Research led by Cranfield University, in partnership with Malaysian surgical glove manufacturer, Meditech Gloves, is paving the way for a sustainable future for the degradable glove industry, as well as supporting the current response to the Covid-19 pandemic.
As the pandemic spread across the world during 2020, medical grade gloves became hot property – so much so enough material could not be produced to meet demands. Yet, synthetic gloves take more than 100 years to decompose and considering the volume used this year alone, the landfill sites are going to contain them for years to come unless we explore other solutions. By moving from oil-based nitrile to natural rubber, this research is poised to provide a short term respite in the face of the global pandemic, and crucially, transformational global implications by supporting supply chains the world over and positively impacting the environment.
The research between Cranfield University and Meditech Gloves actually started in early 2019, with Cranfield’s Professor Krzysztof Koziol and his team of PhD students working with the industry partner to investigate alternative methods for sustainable, high quality glove production. Krzysztof explains: “There is a huge issue that needs addressing in the glove industry, which has only been further highlighted by the pandemic. In Asia and Australasia the industry is dominated by synthetic nitrile glove production. More gloves means increasing chemical production from oil, increasing manufacturing efforts and energy consumption – followed by a 100 year decomposition cycle. Ultimately it is catastrophic for the environment.”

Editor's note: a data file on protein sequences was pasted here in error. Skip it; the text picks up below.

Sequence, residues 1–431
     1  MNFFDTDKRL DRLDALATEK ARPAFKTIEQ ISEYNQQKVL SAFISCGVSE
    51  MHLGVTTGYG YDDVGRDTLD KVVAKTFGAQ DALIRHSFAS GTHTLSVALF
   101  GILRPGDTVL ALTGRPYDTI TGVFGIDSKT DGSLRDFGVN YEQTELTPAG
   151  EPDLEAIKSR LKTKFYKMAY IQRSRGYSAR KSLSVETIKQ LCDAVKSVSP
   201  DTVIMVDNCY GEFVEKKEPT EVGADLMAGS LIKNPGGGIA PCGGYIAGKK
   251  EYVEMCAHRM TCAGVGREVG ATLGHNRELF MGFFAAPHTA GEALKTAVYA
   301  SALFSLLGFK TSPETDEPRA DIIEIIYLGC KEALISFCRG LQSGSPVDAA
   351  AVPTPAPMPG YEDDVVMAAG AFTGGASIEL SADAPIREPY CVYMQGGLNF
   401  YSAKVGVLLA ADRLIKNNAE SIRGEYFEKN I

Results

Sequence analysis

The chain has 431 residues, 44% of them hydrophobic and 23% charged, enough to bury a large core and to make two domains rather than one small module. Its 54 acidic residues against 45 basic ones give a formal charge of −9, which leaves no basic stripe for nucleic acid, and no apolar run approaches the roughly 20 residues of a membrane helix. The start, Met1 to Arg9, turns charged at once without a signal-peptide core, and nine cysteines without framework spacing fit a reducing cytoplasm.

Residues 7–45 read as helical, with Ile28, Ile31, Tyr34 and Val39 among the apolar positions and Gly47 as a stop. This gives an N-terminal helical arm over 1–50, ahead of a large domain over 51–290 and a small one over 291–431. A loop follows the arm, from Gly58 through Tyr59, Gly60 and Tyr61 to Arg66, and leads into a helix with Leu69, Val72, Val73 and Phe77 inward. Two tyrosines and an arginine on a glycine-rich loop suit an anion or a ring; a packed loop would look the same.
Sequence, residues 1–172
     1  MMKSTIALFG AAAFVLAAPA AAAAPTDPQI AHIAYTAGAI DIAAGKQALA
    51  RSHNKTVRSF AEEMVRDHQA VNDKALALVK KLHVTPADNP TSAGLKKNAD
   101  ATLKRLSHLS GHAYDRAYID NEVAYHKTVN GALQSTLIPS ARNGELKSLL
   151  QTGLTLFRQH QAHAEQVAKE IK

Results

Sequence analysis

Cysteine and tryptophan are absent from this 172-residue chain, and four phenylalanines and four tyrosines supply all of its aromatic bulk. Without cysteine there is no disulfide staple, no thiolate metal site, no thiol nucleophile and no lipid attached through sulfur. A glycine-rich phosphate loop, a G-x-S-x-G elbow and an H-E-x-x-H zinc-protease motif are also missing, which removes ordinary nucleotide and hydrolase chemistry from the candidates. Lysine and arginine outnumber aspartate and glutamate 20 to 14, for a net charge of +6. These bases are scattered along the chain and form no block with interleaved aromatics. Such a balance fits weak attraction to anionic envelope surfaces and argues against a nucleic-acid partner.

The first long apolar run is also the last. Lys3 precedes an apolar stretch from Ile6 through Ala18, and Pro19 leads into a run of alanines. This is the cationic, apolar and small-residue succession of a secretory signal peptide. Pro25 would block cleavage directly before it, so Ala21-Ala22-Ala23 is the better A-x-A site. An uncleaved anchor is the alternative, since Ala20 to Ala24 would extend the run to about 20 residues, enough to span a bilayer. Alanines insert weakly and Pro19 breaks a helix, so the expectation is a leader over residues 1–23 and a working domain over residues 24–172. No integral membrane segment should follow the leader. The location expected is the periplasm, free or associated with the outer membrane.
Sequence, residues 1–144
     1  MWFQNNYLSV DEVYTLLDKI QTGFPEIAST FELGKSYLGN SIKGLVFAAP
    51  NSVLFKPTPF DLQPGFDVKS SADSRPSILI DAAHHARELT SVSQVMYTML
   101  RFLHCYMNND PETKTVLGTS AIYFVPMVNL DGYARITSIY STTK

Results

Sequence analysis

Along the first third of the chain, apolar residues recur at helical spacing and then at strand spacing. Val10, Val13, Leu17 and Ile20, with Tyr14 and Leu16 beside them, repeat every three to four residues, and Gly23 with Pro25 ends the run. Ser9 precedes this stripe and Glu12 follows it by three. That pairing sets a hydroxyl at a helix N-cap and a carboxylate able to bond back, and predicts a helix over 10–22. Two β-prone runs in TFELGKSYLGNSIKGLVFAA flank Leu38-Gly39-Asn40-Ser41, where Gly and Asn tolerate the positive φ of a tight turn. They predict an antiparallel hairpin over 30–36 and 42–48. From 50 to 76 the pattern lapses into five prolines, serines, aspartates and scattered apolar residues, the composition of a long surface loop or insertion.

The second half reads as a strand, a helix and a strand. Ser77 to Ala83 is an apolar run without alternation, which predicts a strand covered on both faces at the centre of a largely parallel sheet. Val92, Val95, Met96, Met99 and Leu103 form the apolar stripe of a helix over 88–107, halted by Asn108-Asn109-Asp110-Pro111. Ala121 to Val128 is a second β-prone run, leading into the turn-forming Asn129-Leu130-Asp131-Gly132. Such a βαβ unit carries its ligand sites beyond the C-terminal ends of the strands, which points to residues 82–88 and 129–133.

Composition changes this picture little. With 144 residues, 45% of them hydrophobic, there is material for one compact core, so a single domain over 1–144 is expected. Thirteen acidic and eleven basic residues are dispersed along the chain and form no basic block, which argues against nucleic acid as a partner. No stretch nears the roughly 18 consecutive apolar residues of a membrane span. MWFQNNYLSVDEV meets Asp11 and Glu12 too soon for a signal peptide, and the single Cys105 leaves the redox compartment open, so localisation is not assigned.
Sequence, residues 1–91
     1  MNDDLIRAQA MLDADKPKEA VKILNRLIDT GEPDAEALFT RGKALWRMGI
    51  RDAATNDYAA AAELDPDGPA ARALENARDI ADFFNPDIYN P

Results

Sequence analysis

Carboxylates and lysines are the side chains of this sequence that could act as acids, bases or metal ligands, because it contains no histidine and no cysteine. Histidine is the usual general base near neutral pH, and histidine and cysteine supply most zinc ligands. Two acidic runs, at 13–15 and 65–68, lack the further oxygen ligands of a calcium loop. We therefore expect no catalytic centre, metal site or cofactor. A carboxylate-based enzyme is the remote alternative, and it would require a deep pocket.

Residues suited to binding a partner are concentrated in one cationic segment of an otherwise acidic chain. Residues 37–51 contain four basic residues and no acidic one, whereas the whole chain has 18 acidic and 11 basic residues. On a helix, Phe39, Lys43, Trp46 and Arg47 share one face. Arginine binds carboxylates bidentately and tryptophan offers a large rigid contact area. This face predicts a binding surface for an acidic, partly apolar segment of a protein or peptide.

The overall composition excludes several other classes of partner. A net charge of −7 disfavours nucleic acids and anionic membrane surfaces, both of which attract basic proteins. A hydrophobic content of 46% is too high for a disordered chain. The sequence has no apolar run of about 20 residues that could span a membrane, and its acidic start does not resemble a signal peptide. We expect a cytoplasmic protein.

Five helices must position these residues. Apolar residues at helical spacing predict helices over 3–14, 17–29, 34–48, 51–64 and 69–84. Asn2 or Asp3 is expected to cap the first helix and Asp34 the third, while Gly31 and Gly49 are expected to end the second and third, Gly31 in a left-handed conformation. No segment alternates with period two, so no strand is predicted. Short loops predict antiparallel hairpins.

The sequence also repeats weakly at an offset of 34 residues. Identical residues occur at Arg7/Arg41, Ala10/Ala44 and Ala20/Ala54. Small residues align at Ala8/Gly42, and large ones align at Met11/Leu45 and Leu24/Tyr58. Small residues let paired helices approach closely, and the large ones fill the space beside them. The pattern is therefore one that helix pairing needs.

One major challenge to the research was that as a natural product, rubber trees produce certain proteins, which a small proportion of people are allergic to. In the past the skin allergies that originate as a result of the presence of these proteins have limited the use of natural rubber. However, at Cranfield the team has been working to deactivate the offending protein in the latex. By overcoming this challenge, the researchers have developed natural rubber gloves that not only biodegrade in less than one year, 100 times faster than its chemical counterparts, they are also sustainable and of higher quality, with the finer nature of the material fitting perfectly to the hand.
With raw materials comprising rubber plants, CO2 and solar energy, this is a solution that not only creates an environmentally friendly product, it is an opportunity to reignite a whole supply chain, supporting rubber plantations across the world – from Brazil to Thailand, Malaysia and Indonesia.
Meditech Glove’s Company President, Dr Effendi Tenang, is excited about the future: “We are aiming to become a leader in the sustainable production of degradable gloves. This will reduce CO2 and make us a more efficient producer of medical grade gloves, supporting a greener future that will benefit everyone.”